I fucked up my knee dancing. A PT misdiagnosed it and so I continued dancing. The knee locked and the pain became unbearable. An MRI showed a shredded meniscus on both sides of the knee and a bunch of unanticipated arthritis. Everyone predicted surgery, perhaps a knee replacement. My chiropractors sent me to a non-surgical orthopod with whom I’ve agreed to try a non-surgical strategy.
Here, now, is the story with emotions and characters and sham surgeries:
A few weeks ago I was dancing, as is my wont, at my favorite venue’s monthly Saturday night dance when I felt something pop and my right leg locked. I apologized to the woman I was dancing with and limped home.
The next day I went to Vermont, as scheduled, but still couldn’t unlock my leg and could barely walk. Valerie and Mark’s 4-year-old had to carry my cosmetic bag up to the bathroom so that I could basically hop up the stairs. Susan had to give me her arm when we went to the hotdog restaurant to hear Patty Carpenter make fine music.
I went to a loud Trumpy PT who insisted my problem was a tight IT Band, so I returned to my favorite dance class, after which I was in excruciating trouble. My great chiropractors identified a problem with my meniscus and gave me the name of a non-surgical orthopod at the clinic I belong to.
I had an MRI on Monday. The terrifying results arrived on Tuesday: shredded meniscus on both sides; “diffuse bone marrow edema;” fissuring of cartilage; massive swelling; very advanced arthritis – and much more. A friend who works in rehab read the report and talked of knee replacement. I live alone. I have a book coming out and a conference to attend. It’s more than bad enough I can’t dance.
Meanwhile, I had to cancel anything that involved standing or moving, including my work teaching fitness and dance to elders. My doctor suggested a cane. The nurse brought me one along with a copious sheaf of paperwork in which I had to promise to pay for it if my insurance didn’t. “But I have Medicare. Don’t they pay for canes?” She wasn’t supposed to say, but she thought not. “How much does this cane cost?” No one knows until the bill goes to insurance and is rejected and falls into my lap. “No thanks.”
Instead I bought one from Goodwill for $3.00. That evening my friend Bambi, a medical person, adjusted the cane for me and I watched YouTube videos to learn how to walk with it.
Today I met with the young, sweet non-surgical orthopod. He fulfilled my primary wish and gave me a cortisone shot (elder friends of mine call us Steroid Nation), as well as this big ole knee brace with metal hinges. He recommended a certain PT in the same building, with whom I made an appointment for next Friday.
He told me of a study in 2002 described at this link in comprehensible and fascinating language outlining the reasons many are skeptical about arthroscopic knee surgery. I’ll include a quote at the end of this blog for those who are interested.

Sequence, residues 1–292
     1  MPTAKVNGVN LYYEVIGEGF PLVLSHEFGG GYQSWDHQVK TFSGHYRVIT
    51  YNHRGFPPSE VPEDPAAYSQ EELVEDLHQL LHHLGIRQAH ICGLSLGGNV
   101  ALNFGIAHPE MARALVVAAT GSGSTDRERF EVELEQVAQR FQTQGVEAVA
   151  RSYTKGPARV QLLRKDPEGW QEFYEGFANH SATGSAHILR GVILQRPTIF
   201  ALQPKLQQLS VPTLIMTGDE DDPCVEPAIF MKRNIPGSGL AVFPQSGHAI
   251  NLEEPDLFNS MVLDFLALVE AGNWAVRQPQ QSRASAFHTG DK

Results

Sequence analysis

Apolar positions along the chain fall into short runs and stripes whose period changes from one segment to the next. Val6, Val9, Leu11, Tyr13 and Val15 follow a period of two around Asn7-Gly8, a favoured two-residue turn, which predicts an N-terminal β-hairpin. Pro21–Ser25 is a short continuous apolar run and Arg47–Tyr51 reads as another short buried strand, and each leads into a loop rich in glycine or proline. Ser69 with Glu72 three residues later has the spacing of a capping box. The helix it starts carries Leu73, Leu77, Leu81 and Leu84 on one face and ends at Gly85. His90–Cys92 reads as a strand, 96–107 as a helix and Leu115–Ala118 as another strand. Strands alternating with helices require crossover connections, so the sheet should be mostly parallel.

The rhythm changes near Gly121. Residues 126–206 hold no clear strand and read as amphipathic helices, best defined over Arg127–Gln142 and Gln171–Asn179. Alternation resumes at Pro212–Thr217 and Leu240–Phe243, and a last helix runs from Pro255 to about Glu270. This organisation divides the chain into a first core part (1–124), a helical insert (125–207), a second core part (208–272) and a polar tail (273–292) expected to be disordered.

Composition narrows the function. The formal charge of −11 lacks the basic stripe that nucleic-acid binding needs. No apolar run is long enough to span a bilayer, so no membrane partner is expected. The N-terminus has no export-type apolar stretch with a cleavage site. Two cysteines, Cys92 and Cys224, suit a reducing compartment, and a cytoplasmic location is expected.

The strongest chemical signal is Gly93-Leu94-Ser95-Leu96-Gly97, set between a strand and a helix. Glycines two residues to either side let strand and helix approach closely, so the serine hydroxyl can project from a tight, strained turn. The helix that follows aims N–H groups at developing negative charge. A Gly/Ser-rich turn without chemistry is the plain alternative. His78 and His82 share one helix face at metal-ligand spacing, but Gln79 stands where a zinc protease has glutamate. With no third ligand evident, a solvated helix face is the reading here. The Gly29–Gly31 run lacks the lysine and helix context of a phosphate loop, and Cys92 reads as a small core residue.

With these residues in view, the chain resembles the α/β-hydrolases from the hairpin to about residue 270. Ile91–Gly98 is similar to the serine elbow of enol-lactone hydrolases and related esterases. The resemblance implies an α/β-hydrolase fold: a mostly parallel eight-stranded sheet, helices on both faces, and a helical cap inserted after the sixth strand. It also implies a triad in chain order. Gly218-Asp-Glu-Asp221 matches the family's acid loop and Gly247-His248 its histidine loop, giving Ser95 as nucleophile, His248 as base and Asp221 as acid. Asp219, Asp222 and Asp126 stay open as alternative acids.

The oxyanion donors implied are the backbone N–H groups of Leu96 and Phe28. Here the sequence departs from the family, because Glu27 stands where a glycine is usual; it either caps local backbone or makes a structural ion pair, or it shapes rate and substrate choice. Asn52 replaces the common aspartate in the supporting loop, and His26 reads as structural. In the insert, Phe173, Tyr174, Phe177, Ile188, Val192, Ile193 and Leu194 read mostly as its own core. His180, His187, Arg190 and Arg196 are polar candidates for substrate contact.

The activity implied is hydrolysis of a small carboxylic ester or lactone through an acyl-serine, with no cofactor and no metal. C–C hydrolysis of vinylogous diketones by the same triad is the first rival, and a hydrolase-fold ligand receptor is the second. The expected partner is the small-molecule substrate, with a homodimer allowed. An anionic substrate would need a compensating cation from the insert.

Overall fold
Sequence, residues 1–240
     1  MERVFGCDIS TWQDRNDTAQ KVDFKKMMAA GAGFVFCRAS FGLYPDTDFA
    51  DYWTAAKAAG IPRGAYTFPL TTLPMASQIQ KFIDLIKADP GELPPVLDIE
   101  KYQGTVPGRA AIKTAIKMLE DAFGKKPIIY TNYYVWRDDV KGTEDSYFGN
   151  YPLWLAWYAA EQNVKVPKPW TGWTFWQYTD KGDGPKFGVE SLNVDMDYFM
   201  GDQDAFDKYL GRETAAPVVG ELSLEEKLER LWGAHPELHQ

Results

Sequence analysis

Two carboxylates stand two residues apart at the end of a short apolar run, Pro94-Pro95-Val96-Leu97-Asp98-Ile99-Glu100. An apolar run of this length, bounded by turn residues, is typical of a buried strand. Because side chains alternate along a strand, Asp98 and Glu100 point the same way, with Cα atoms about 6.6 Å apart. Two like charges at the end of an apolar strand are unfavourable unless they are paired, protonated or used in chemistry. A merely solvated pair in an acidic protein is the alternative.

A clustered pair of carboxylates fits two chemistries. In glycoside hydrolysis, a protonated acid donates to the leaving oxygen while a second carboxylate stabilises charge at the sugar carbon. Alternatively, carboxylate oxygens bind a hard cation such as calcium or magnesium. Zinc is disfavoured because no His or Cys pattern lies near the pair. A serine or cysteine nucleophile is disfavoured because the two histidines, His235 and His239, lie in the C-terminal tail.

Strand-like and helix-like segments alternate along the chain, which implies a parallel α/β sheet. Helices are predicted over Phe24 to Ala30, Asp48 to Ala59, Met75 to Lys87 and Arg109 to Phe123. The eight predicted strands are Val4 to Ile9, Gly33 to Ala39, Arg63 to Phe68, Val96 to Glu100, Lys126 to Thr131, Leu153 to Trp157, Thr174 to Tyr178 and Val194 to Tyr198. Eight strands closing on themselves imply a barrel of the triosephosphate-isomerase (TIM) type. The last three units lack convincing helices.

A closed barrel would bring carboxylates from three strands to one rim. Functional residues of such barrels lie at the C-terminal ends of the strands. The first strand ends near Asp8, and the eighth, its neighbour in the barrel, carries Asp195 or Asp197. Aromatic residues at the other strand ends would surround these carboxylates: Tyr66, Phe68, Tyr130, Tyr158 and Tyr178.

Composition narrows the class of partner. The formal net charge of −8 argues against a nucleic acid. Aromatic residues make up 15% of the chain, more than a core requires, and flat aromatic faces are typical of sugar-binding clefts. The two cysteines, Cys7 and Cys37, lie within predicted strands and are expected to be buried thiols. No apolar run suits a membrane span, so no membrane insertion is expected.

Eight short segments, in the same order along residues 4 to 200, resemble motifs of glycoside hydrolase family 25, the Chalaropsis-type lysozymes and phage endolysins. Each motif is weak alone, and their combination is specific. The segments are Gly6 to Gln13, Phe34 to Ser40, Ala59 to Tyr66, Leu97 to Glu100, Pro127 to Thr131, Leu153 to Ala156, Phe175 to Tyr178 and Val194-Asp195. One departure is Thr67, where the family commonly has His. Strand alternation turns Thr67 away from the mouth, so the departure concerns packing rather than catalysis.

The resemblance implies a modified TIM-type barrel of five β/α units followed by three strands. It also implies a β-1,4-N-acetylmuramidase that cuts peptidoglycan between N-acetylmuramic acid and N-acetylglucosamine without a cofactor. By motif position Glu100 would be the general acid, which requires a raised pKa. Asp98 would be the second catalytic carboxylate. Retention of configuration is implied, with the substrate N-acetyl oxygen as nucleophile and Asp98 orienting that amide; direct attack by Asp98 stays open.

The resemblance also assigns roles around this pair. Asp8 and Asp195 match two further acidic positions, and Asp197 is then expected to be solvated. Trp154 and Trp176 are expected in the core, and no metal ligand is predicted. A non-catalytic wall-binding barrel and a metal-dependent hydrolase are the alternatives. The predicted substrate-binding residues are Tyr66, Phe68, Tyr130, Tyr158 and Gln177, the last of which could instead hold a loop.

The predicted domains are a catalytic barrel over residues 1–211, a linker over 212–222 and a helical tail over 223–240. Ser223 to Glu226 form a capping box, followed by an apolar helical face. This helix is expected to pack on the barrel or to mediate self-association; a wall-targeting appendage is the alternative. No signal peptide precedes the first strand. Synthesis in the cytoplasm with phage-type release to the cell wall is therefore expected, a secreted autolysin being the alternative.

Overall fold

The orthopod doctor said I should aim for 50% improvement in a month. I’ll take it! I could live with half the pain and twice the mobility, not to mention fewer pain pills. I asked him what I could or could not do and he said that obviously I cannot dance, but that otherwise to listen to my body. Right now my body is asking for yet another pain pill. Right now – besides dreaming of waking up and finding out that Bernie is president – I’m hoping that the cortisone shot is going to click in and do its job.
Thanks to everyone who has proven to really give a shit about me and my wounded knee.
“But it wasn’t until 2002 that we first had any real evidence about whether the procedure actually worked, when a novel study appeared in the New England Journal of Medicine. Somehow doctors convinced 180 veterans from the Houston VAMC to enter a trial wherein patients were randomized into 1 of 3 groups: arthroscopic lavage (washing the knee with at least 10 liters of fluid), lavage with arthroscopic debridement (trimming and shaving the joint), or sham surgery wherein patients were given an anesthetic and surgical incisions made through the skin without actually operating on the joint. In the latter group, surgeons called for instruments as if performing the procedure and even mimicked the lavage by splashing fluid onto the knee and floor. God bless the vets who volunteered for the trial, the doctors who enrolled them, and the hospital’s Internal Review Board that had the intellectual honesty, curiosity, and cajones to approve the study. Neither the patients nor the providers who examined them afterward knew which had received the sham or the real surgery. Patients were examined at multiple intervals for up to 2 years afterward and compared with regard to pain, mobility, and function.
“And guess what? There were no differences between the groups at any time during the follow up. The sham surgery worked just as well as the real surgery.”
And if you want an additional article, here’s another: